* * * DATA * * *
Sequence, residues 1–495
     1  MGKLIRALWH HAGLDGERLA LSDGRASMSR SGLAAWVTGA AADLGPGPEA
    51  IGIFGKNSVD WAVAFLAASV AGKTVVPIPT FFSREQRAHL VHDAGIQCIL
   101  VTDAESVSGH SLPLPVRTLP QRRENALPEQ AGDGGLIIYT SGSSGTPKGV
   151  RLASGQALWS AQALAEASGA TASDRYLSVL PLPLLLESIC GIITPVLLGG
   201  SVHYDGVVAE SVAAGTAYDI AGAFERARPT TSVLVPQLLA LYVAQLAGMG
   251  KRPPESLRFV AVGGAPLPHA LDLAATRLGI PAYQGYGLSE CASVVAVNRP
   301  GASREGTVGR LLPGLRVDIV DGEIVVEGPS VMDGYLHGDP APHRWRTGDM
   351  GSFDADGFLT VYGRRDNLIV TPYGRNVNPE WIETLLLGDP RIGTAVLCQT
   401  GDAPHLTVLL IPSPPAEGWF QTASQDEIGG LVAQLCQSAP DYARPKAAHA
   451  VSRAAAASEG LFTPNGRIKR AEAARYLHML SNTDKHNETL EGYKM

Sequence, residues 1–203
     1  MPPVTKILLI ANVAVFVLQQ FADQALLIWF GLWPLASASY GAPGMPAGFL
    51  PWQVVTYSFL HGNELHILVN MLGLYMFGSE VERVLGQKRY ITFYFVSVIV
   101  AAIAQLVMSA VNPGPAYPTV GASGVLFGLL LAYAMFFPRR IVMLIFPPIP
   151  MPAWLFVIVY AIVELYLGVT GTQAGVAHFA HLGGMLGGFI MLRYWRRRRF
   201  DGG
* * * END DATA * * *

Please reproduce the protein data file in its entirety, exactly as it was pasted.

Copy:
Sequence, residues 1–495
     1  MGKLIRALWH HAGLDGERLA LSDGRASMSR SGLAAWVTGA AADLGPGPEA
    51  IGIFGKNSVD WAVAFLAASV AGKTVVPIPT FFSREQRAHL VHDAGIQCIL
   101  VTDAESVSGH SLPLPVRTLP QRRENALPEQ AGDGGLIIYT SGSSGTPKGV
   151  RLASGQALWS AQALAEASGA TASDRYLSVL PLPLLLESIC GIITPVLLGG
   201  SVHYDGVVAE SVAAGTAYDI AGAFERARPT TSVLVPQLLA LYVAQLAGMG
   251  KRPPESLRFV AVGGAPLPHA LDLAATRLGI PAYQGYGLSE CASVVAVNRP
   301  GASREGTVGR LLPGLRVDIV DGEIVVEGPS VMDGYLHGDP APHRWRTGDM
   351  GSFDADGFLT VYGRRDNLIV TPYGRNVNPE WIETLLLGDP RIGTAVLCQT
   401  GDAPHLTVLL IPSPPAEGWF QTASQDEIGG LVAQLCQSAP DYARPKAAHA
   451  VSRAAAASEG LFTPNGRIKR AEAARYLHML SNTDKHNETL EGYKM

Sequence, residues 1–203
     1  MPPVTKILLI ANVAVFVLQQ FADQALLIWF GLWPLASASY GAPGMPAGFL
    51  PWQVVTYSFL HGNELHILVN MLGLYMFGSE VERVLGQKRY ITFYFVSVIV
   101  AAIAQLVMSA VNPGPAYPTV GASGVLFGLL LAYAMFFPRR IVMLIFPPIP
   151  MPAWLFVIVY AIVELYLGVT GTQAGVAHFA HLGGMLGGFI MLRYWRRRRF
   201  DGG